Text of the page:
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Endometriosis is classically diagnosed by presence of endometrial glands and stroma outside the uterine lining. While it may be a more common entity diagnosed among adults, endometriosis is the leading cause of secondary dysmenorrhea and chronic pelvic pain in adolescents.
Endometriosis is classically diagnosed by presence of endometrial glands and stroma outside the uterine lining. While it may be a more common entity diagnosed among adults, endometriosis is the leading cause of secondary dysmenorrhea and chronic pelvic pain in adolescents.1
The symptoms can be debilitating, limiting adolescents in their participation in school or extracurricular activities.2 The presentation of endometriosis in this population also can be misleading, as its signs and symptoms differ from those in adult women.
Awareness of and early intervention in adolescent endometriosis is critical to avoid diagnostic delay and progression of disease.
Evaluation of endometriosis
Evaluation of endometriosis begins in the office with a thorough medical history. Unlike adults, adolescents rarely present with endometriomas or infertility.
Endometriosis most commonly is identified in adolescents who present with pelvic pain. In a survey of adult women affected by endometriosis, two-thirds of respondents reported their first pelvic symptoms before age 20, and one in three women had pain before age 15.3
While endometriosis is typically considered to be a disease that manifests after years of menstruation, symptomatic cases have been reported prior to menarche without an associated obstructive anomaly, and also as soon as one month after menarche.4,5 These instances suggest alternative hypotheses to Samson’s theory on retrograde menstruation as the cause of endometriosis.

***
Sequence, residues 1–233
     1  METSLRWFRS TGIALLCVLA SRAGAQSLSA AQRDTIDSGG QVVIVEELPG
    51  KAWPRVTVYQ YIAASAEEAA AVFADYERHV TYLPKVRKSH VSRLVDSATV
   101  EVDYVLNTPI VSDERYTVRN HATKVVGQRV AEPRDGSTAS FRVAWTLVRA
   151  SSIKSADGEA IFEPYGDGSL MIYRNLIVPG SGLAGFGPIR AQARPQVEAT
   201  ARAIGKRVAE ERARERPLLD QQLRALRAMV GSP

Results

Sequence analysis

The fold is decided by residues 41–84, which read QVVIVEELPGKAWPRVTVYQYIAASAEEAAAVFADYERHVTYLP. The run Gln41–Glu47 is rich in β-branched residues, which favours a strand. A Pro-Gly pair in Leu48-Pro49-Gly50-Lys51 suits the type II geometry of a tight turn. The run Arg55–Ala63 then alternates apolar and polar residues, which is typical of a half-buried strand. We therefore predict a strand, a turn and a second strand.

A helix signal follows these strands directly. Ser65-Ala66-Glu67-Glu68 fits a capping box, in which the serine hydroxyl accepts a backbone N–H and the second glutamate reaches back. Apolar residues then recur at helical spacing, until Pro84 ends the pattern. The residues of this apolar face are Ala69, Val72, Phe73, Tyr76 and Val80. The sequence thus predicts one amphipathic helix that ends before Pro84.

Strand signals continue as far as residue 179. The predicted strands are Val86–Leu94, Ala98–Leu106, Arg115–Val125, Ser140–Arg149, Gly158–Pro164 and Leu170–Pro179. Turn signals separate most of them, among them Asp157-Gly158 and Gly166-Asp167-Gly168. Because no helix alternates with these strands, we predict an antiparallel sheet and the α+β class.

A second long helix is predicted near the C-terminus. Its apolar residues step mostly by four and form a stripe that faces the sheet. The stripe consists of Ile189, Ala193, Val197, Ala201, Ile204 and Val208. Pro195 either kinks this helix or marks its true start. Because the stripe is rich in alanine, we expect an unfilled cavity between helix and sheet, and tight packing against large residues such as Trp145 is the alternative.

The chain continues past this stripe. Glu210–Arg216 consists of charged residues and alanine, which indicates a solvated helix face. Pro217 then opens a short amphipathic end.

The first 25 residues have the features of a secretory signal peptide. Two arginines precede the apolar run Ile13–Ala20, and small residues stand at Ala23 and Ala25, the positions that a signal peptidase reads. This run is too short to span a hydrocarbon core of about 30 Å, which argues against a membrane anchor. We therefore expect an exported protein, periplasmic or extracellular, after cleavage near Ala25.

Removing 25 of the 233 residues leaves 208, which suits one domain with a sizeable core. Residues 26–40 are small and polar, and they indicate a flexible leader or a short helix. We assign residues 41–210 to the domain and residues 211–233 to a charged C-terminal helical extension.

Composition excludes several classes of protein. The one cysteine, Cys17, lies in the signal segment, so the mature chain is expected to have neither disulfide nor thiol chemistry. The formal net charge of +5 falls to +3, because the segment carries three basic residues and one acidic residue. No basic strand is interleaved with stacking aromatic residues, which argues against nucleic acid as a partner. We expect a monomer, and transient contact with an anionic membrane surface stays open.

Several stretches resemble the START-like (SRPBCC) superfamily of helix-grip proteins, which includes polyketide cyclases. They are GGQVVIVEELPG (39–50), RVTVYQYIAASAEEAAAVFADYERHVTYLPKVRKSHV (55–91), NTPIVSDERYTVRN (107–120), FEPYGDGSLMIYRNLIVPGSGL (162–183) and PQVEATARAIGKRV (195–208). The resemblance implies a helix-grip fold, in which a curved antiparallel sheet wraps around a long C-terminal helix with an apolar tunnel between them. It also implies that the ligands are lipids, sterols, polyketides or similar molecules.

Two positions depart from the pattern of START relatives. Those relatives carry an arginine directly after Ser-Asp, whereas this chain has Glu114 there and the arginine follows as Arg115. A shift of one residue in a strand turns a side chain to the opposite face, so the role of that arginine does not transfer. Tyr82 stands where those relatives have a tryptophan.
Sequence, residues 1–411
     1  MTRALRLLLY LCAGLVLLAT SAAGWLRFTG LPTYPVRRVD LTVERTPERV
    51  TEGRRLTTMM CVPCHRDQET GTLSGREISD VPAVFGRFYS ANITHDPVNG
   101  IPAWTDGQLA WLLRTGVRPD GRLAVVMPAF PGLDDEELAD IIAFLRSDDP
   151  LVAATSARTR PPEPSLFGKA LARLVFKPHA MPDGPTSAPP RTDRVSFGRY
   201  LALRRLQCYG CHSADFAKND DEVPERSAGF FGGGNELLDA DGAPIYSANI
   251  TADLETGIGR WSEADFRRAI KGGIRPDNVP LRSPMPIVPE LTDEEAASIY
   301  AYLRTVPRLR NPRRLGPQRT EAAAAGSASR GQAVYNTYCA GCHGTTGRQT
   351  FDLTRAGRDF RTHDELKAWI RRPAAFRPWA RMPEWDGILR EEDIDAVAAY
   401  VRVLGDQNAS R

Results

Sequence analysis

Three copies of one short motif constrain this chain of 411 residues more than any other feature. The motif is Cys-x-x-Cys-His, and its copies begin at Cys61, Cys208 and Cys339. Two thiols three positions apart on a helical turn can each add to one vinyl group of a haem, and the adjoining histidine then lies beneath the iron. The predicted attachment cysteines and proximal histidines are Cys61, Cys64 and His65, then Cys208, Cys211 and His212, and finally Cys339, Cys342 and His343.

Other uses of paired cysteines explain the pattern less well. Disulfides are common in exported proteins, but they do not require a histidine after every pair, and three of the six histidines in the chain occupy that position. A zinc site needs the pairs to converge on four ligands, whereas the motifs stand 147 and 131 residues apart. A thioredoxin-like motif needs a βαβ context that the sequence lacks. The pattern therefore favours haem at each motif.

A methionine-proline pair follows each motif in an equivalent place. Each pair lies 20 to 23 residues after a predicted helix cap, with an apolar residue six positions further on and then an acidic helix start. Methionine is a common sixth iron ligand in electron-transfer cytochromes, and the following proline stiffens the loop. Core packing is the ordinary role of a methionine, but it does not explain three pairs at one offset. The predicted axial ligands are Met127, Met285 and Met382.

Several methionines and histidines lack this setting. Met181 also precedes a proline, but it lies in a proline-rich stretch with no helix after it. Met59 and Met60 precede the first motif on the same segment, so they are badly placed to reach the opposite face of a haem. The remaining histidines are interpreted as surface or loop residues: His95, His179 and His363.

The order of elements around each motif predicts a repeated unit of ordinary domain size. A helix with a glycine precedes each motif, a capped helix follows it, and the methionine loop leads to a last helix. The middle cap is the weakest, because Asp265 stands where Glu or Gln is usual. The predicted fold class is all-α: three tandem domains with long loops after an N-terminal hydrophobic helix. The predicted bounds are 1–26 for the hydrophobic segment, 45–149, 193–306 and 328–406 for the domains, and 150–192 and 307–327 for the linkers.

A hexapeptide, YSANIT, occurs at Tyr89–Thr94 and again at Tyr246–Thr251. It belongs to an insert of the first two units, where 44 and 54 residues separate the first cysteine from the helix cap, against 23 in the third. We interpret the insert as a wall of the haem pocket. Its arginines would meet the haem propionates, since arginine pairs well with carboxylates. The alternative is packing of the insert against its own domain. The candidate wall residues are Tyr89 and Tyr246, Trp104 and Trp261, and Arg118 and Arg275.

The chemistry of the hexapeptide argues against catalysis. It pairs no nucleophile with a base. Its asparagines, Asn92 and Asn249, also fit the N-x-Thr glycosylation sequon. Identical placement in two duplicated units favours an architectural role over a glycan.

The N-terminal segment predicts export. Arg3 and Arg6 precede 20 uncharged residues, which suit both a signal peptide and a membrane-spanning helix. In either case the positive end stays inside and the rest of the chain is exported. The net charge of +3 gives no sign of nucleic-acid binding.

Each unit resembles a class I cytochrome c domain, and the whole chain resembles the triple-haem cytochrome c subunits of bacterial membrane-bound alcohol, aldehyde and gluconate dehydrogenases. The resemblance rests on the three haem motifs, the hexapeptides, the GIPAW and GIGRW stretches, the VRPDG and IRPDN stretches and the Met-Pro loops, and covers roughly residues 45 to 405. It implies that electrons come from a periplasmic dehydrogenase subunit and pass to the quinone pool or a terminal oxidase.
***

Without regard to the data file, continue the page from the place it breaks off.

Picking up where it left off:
Endometriosis in adults presents with dysmenorrhea but adolescents may exhibit other symptoms. A study from our institution in the 1990s identified that the classic adult symptom of cyclic pain was present by itself in only 9.4% of adolescents, whereas 28.1% of patients had acyclic pain alone, and 62.5% had both cyclic and acyclic pain.6
Therefore, the majority of adolescents with endometriosis (90.6%) had acyclic pain.6 Endometriosis is also associated with gastrointestinal (GI) symptoms such as diarrhea or constipation, and urinary symptoms such as urgency and dysuria.
In a case series of adolescents with laparoscopically diagnosed endometriosis, over half the patients reported at least one GI symptom (56%) or one genitourinary symptom (52%).7
Adolescents affected by endometriosis also have a higher prevalence of migraines compared to their peers without endometriosis.8
Several red flags in a patient’s history should raise suspicion for endometriosis. Endometriosis appears to have a hereditary component; a young woman with a first-degree relative affected by endometriosis has a four to seven times higher risk of developing endometriosis than that in the general population.9
A history of childhood sexual and physical abuse has also been found to have an association with increased risk of endometriosis.10